CAMP BLUE DIAMOND, Iraq -- Officers from the Iraqi National Guard recently wrapped up a weeklong Civil Affairs training course taught by Marines supporting the 1st Marine Division Governate Support Team.
The ING, formerly known as the Iraqi Civil Defense Corps, is responsible for securing peace, protecting important government property and helping civilians during humanitarian disasters.
With the June 30 transfer of authority date approaching, the Marines are making sure the ING is prepared to assume responsibility for Iraq's security.
The training course was developed by I Marine Expeditionary Force to stress to the ING the importance of sharing information about military operations to the citizens of Iraq.
"Our role during a crisis is to help civilians," explained Iraqi Maj. Ahmed Saad, executive officer for the ING's Headquarters Battalion. "Part of that is gathering together and sharing information with the public about what is going on."
During the course, the Marines passed on their knowledge of civil affairs, public affairs and information operations.
"The goal we had going into this was to have the ING officers connect with their American civil affairs counterparts so they could work side-by-side," said Lt. Col. Alan G. Burghard, GST Commander.
The Iraqi officers come from various military backgrounds including artillery and infantry, so this training was a first for all of them.
"During the old regime, the only officers who were trained in civil affairs were the generals," explained Iraqi Lt. Col. Raheem Hamoud Modehi, Headquarters Battalion Commander.
Modehi said he hoped to take what he's learned back to his unit to train his subordinate soldiers.
The Marines taught the Iraqis how to interact with civilian media, conduct civil-military operations and work with international organizations to provide humanitarian assistance. They also learned how to conduct "displaced citizens" operations.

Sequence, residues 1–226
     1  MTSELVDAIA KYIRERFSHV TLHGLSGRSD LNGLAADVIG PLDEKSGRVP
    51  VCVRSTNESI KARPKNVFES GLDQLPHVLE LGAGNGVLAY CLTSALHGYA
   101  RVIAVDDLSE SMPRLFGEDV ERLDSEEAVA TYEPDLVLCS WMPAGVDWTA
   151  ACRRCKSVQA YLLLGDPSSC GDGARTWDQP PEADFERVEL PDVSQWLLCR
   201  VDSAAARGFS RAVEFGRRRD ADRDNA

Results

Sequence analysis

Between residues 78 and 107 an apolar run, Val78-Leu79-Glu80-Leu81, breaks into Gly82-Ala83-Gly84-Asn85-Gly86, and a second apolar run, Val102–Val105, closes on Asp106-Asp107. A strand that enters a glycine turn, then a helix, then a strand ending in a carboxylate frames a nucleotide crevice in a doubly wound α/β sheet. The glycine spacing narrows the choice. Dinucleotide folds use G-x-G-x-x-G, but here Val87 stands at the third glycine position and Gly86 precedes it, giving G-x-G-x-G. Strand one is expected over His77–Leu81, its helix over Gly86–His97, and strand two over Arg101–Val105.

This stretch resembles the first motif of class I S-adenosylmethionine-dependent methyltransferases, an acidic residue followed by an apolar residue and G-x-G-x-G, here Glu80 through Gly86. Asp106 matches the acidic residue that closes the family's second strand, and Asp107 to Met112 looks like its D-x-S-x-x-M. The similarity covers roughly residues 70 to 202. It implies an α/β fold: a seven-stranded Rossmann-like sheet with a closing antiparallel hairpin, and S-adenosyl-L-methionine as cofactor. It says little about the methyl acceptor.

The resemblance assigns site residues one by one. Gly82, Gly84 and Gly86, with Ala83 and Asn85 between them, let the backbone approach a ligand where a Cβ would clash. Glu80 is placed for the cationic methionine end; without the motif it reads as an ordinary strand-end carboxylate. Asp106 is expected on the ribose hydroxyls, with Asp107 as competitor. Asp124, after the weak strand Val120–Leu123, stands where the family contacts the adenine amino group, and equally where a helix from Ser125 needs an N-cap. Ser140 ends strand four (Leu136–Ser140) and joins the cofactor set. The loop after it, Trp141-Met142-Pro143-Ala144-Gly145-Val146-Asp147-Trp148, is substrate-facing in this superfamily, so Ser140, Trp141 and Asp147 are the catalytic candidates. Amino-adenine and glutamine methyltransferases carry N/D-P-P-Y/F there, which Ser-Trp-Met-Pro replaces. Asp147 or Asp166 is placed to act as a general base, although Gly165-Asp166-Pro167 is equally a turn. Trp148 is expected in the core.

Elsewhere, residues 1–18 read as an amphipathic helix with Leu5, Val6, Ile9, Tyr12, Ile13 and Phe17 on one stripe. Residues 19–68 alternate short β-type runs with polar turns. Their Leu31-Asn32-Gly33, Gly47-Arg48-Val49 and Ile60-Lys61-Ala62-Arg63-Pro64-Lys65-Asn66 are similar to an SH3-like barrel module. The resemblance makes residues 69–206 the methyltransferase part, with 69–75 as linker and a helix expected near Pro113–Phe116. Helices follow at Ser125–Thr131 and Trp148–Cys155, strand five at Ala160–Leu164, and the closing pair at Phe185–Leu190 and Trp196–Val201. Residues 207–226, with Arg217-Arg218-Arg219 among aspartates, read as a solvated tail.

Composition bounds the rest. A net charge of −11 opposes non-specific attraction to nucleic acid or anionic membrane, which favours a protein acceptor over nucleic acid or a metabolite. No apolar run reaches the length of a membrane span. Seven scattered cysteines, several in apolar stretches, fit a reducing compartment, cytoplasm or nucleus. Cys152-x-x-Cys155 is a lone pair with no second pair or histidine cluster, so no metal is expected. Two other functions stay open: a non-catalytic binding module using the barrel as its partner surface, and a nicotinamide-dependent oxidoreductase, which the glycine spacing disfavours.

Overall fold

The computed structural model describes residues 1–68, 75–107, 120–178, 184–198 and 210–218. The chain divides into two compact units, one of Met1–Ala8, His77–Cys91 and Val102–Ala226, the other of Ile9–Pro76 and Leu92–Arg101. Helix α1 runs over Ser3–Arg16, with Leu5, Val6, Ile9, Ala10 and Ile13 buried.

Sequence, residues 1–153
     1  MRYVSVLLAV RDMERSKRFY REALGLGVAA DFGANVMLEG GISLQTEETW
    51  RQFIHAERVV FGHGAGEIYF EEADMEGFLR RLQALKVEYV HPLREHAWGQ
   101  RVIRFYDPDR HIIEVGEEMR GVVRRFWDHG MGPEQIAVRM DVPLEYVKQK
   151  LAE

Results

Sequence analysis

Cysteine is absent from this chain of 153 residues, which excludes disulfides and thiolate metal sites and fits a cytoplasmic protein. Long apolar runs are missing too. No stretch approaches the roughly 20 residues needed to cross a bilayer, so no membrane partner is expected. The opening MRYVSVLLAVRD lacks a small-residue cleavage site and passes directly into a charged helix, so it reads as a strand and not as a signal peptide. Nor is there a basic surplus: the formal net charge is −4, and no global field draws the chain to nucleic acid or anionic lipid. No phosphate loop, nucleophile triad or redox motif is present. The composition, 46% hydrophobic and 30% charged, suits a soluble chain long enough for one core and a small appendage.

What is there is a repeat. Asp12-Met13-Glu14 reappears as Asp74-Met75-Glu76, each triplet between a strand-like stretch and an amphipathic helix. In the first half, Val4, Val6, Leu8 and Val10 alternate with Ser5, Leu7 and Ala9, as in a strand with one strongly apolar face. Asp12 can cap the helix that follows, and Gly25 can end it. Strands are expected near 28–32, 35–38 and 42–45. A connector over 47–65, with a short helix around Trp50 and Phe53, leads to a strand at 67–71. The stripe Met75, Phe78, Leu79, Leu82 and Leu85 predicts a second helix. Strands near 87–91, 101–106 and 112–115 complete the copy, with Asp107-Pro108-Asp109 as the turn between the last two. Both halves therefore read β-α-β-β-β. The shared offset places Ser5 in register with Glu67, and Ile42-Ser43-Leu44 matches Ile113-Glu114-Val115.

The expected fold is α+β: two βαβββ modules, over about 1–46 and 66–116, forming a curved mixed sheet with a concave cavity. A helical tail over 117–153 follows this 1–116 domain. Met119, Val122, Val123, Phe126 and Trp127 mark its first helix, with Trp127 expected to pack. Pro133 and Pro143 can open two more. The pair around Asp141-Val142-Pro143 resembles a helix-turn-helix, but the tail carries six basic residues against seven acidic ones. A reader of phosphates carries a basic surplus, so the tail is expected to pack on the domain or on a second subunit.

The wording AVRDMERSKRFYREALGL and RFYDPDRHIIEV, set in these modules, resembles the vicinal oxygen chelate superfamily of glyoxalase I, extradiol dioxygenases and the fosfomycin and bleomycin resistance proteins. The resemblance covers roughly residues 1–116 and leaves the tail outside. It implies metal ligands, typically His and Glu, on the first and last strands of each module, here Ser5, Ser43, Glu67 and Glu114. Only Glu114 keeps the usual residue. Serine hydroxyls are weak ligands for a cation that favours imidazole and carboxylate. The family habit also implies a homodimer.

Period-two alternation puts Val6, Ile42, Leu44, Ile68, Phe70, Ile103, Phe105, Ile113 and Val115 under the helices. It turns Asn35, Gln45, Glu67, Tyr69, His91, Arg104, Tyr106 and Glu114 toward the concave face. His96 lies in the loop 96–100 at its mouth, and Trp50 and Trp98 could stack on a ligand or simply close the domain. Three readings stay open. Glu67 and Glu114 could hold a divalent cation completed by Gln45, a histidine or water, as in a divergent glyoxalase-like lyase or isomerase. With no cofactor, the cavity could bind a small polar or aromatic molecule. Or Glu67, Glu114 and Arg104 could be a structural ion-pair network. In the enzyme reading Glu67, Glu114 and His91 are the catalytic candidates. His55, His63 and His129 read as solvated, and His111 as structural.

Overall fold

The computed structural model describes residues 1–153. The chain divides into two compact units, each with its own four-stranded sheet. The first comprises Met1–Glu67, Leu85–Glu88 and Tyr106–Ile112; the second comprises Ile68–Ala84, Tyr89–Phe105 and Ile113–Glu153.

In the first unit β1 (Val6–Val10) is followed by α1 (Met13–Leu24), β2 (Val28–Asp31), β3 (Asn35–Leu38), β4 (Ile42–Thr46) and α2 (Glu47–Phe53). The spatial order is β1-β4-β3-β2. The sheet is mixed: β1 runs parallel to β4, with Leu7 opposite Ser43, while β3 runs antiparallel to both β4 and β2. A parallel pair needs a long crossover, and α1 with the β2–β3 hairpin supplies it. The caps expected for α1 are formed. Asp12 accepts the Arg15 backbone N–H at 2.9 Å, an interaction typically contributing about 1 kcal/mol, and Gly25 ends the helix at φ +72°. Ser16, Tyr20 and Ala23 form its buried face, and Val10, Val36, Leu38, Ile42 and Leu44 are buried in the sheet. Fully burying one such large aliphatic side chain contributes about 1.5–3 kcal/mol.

According to Burghard, displaced citizens are those groups of people, who for economic, social or natural reasons, are forced to move from one location to another.
"The course addressed public health concerns during crises," Burghard added. "We also discussed the commanders' legal obligations to the civilian population during these crises."
Throughout the lectures, the Marines shared real-world examples of how and when to utilize information, but not all the examples were positive.
"We had very honest discussions," Burghard explained. "We talked about mistakes the American military has made in Iraq and how that affected how the world perceived us. One topic that came up was the prisoner abuse scandal at Abu Gharib."
Saad said many Iraqis view the Coalition as "the enemy" because of the problems at Abu Gharib. After hearing the Marines discuss the scandal, he understood the importance of disseminating truthful information to the public.
"If we are able to let the people know what the military is doing," Saad said, "we can work together with them to coordinate efforts to help each other."
Although Saad and the other officers are interested in helping the people of Iraq, they put their lives in danger every time they work with Coalition Forces.
"Some Iraqis think that by working with the Marines we are traitors," Saad said. "The normal person does not understand how important it is for us to get this kind of training because they don't think it will benefit them.
"If I'm in danger for working with the Coalition, than so be it. I'm working for the people of Iraq," he added. "If I die, then I know I did it for an honorable purpose."
He said he's grateful for the Coalition-sponsored training.
"Everyone wants to see the Coalition leave the country eventually, so we have to get the Iraqi military ready to take over security," Saad added.